Have you ever imported a non-native assembly into Solid Edge and discovered that all of the components came in grounded and then you spent time selecting each component and deleting the Ground constraint so you could move them? Have you ever had an assembly with a broken relationship somewhere in the assembly and you had a hard time finding it? How about an assembly with broken relationships that were causing problems inserting new components and creating relationships for them?
Well, there is a utility included with Solid Edge since ST5 called the Assembly Relationship Browser that does just what the name implies – it allows you to browse – and manipulate – relationships in Solid Edge assemblies! And it’s very easy to use.
The utility is located under the Solid Edge installation folder in /Custom/SEAssemblyRelationshipBrowser/bin/. It is called SEAssemblyRelationshipBrowser.exe.
To use the utility, first open the assembly you wish to browse and/or manipulate in Solid Edge, then launch the utility. The utility will operate against the assembly you currently have open in Solid Edge. It only operates against the level of assembly currently open – it does not drill down into subassemblies.
To use the utility, first select the kinds of relationships that you want to see in the upper-left area labeled, “Show these relationship types”. By default, all types are checked. To speed up checking and unchecking, there is a context menu available if you right-mouse-click inside the white space of this region:
This will allow you to select or deselect all the options at once.
Once you have defined the kinds of relationships you are looking for in your assembly, next you apply another level of filters using the check boxes in the upper-right area. Again there is a context menu available to select/deselect all.
Once you select your filters, any assembly relationships that meet those criteria will be displayed in the bottom area. Also if you hover your cursor over any of the found relationships, the affected component or faces will highlight in Solid Edge to help you identify them graphically.
As before, there is a context menu available through right-clicking in the lower area, but this context menu has additional options besides select/deselect all:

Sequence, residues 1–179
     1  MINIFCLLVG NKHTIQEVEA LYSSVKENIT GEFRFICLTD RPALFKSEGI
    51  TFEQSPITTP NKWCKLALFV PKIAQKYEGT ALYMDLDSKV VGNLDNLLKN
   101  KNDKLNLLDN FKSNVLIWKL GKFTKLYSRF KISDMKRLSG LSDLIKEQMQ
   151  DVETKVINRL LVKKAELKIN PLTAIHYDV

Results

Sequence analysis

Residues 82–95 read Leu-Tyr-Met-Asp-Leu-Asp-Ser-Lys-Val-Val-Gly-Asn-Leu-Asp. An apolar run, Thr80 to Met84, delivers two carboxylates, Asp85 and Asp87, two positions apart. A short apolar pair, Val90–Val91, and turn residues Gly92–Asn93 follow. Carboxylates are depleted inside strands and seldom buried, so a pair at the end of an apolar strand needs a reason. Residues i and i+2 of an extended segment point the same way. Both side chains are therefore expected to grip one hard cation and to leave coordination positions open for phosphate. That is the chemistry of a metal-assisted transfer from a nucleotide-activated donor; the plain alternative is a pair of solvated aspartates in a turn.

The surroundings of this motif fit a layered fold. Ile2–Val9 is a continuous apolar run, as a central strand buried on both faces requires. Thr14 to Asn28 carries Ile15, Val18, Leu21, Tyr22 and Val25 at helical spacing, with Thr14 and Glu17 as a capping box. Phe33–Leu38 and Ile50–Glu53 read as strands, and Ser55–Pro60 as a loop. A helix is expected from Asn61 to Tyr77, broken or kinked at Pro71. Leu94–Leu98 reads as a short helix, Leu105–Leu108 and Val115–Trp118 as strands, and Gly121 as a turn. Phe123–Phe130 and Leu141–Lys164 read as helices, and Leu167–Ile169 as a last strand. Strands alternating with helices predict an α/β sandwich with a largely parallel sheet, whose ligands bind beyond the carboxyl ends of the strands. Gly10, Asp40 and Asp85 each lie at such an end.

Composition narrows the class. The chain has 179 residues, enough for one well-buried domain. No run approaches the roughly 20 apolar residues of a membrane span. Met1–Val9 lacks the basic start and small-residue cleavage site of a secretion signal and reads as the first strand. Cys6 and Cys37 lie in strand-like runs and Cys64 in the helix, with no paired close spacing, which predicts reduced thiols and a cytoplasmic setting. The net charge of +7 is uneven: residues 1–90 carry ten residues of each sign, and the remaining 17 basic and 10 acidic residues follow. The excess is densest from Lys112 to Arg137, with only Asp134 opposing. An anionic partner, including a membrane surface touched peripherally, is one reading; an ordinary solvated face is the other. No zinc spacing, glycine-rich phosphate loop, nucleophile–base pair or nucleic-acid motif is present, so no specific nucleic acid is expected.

If you click on “Select Components”, then inside Solid Edge the components involved with the selected assembly relationships will be selected and highlighted.
If you select “Delete” or “Suppress/Unsuppress” then the selected relationships will be deleted, suppressed, or unsuppressed.
And if you select “Flip”, then the relationship will be flipped. Note that only relationships that support Flip will respond to this command.
This utility can be useful for troubleshooting assemblies that have sick relationships (i.e. have lightning bolts in Pathfinder). From the included readme.txt for the utility:
“If there are occurrences in the assembly that are sick (i.e. have lightning bolts in the Pathfinder) there are some steps that can help determine which relationships may be causing problems.
First, use Force Recompute to make sure all of the relationship statuses are truly up to date. Next, set the status filter to be one of the unsolved statuses - Unsatisfied, Missing Geometry or Unknown.
You can also set the status filter to Unsolved which will show any of the three. Typically, starting with the status filter set to Unsatisfied will point out the most problematic relationships.
If any Unsatisfied relationships appear in the list, they can either be suppressed or deleted to try to fix the assembly. It is usually best to deal with one of these relationships at a time because it could be one relationship that causes others to appear in the list. If there are no relationships with an Unsatisfied status, then either of the other two unsolved statuses should be checked.”
I personally find the utility very useful when importing non-native (i.e. STEP or IGES) assemblies into Solid Edge. These assemblies come into Solid Edge with all components grounded by default. I used to have to click on each component and then delete the Ground relationship manually. With this utility I now have a “nuclear” ability to easily delete many, or even all, of the Ground relationships in the assembly.
This would have been a big time saver for me back when I was a customer using Solid Edge, and hopefully it will be for you, also!